Our Management Training Programmes can be tailored as in-house programmes to address specific issues within your own company.
We figure that most people who end up managing other people never really set off to do that in the first place.
As a matter of fact there have been surveys of late that verify that managers tend to fall into the role rather than choosing it as a career option.
It tends to go like this: someone applies for a job that looks very interesting; they interview well, get the job and begin their new working life. It can be anything from software developers to secretaries to telesales to marketeers, etc.
After a year or two (or in some cases after an even shorter time) management notices how good someone is at what they do and they decide to promote that person into a management role, figuring that if they were good at what they were doing already, they'd surely be good at managing others to do the same thing.
Or rather, wrong sometimes.
Sometimes what happens is that upon getting promoted all the skills that were valued before become secondary to a whole bunch of new skills the person doesn't have, in other words, skills about managing others.
It isn't exactly the Peter Principle where people are promoted to their level of incompetence. More, it's like the Oh-Gosh,-What-Do-I-Do-Now? Principle, where people are promoted because of their competency but aren't then given the training and backing they need to do the job well.
We actually think it's quite bizarre really that something so important for organisations the management of their people - is kind of left to chance. From being managed to managing can be quite a leap for people and yet time and time again, we've seen good people fail at their new roles simply because they haven't got the basic skills that would see them succeed (and succeed well) as managers.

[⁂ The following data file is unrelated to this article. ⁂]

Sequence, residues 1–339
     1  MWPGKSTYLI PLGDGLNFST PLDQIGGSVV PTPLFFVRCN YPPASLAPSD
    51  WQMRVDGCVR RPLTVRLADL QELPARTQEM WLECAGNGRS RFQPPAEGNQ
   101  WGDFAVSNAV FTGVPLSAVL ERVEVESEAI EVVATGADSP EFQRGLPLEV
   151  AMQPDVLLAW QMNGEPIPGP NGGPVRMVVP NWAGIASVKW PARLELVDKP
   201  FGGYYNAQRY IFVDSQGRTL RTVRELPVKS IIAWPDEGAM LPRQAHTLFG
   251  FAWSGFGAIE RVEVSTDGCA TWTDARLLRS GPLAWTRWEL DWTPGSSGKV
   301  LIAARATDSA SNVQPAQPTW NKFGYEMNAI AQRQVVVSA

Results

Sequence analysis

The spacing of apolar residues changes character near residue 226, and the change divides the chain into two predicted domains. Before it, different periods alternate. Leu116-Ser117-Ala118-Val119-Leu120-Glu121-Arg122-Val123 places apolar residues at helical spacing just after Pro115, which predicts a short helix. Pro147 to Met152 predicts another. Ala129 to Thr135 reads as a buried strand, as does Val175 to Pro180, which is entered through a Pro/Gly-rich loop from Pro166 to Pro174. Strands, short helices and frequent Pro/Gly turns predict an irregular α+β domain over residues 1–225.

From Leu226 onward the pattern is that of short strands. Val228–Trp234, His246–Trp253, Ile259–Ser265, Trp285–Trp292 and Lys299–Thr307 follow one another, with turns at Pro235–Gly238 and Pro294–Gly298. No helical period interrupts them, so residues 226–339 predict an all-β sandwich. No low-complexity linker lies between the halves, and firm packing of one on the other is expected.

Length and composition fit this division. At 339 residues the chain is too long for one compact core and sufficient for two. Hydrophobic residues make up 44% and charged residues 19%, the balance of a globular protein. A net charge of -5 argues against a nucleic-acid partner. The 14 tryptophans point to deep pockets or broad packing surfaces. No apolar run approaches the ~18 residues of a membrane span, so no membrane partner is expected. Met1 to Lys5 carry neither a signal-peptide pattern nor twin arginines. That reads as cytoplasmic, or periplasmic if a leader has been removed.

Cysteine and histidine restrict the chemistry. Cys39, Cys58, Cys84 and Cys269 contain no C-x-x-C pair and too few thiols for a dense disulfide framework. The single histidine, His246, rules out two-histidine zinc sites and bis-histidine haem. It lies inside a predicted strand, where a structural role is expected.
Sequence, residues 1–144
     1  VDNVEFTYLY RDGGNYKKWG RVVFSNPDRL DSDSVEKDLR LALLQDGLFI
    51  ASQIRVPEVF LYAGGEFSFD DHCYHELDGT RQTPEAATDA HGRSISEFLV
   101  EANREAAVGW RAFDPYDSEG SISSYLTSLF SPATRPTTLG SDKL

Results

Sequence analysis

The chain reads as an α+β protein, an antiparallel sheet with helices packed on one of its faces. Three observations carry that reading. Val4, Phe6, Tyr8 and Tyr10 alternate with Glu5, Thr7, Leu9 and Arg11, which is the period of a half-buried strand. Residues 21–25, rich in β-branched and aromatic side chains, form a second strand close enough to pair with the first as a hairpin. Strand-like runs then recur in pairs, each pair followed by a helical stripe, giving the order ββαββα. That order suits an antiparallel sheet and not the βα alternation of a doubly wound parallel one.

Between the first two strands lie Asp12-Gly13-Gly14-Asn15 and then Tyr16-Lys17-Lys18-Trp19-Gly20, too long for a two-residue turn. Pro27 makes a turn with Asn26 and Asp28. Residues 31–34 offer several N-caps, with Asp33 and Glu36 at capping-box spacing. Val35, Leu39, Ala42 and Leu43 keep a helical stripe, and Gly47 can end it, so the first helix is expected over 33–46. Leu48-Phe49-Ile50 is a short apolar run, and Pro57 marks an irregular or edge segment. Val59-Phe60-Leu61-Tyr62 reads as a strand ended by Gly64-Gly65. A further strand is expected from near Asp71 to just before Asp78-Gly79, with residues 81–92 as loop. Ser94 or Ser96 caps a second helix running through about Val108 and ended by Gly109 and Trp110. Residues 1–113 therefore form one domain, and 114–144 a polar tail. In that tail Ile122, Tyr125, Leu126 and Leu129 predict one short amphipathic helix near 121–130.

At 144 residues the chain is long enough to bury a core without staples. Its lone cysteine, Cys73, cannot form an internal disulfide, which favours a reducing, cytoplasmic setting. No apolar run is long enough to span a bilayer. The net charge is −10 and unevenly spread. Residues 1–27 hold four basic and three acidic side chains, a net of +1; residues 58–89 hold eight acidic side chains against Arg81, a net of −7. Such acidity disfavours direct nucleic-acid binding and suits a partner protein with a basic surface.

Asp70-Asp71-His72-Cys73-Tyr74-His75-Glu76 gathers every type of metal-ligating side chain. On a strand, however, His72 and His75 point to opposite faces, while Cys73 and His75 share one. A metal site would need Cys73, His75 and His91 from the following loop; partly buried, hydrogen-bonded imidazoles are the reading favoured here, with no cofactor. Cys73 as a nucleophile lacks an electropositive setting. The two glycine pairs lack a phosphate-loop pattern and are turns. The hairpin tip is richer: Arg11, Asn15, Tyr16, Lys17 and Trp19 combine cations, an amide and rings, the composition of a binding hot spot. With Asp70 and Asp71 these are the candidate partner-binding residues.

One of these recent surveys said that half of UK workers who have left their jobs (voluntarily as opposed to being made redundant) have left because of bad managers.
And it is not surprising that the UK spends less money on management training than the UK's global competitors. Sad, but not surprising.
After all this gloomy news, the really, really good news is that management training is accessible, straight-forward and when run well, lots of fun!
At Impact Factory we have a range of training to help new and even well-experienced managers get better at their jobs: Line Management; Senior Management; Strategic Thinking; Communications Skills; Conflict Management; Facilitation and Better Meetings; Appraisals and Performance Management; Assertiveness; Customer Service.
As well as running courses, we are great to talk to and are happy to have a chat about your management training needs.
Our Management Training programmes can be tailored for first-line, middle and senior managers. They can be tailored for the newest recruits and the longest-serving managers.
The aim of our management training programmes is to re-energise people and help them become the best manager they can be with the skills to back them up.